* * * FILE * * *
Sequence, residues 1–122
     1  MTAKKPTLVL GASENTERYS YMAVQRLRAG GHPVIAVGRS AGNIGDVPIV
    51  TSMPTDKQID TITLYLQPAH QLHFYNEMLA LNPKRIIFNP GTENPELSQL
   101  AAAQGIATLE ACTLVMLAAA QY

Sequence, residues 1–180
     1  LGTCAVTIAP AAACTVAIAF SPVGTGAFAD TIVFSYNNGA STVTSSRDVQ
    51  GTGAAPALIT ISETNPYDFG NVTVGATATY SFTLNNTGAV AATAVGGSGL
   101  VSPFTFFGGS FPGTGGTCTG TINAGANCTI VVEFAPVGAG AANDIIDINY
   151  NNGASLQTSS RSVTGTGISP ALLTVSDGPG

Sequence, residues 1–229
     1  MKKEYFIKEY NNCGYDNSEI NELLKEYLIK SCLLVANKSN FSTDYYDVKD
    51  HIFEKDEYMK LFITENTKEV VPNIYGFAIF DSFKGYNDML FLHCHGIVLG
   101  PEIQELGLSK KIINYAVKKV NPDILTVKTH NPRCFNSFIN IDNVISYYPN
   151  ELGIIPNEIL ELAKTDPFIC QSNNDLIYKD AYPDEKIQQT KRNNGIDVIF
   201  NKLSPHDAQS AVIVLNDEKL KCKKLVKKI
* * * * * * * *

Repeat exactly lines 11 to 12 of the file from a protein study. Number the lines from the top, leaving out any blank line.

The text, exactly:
     1  MKKEYFIKEY NNCGYDNSEI NELLKEYLIK SCLLVANKSN FSTDYYDVKD
    51  HIFEKDEYMK LFITENTKEV VPNIYGFAIF DSFKGYNDML FLHCHGIVLG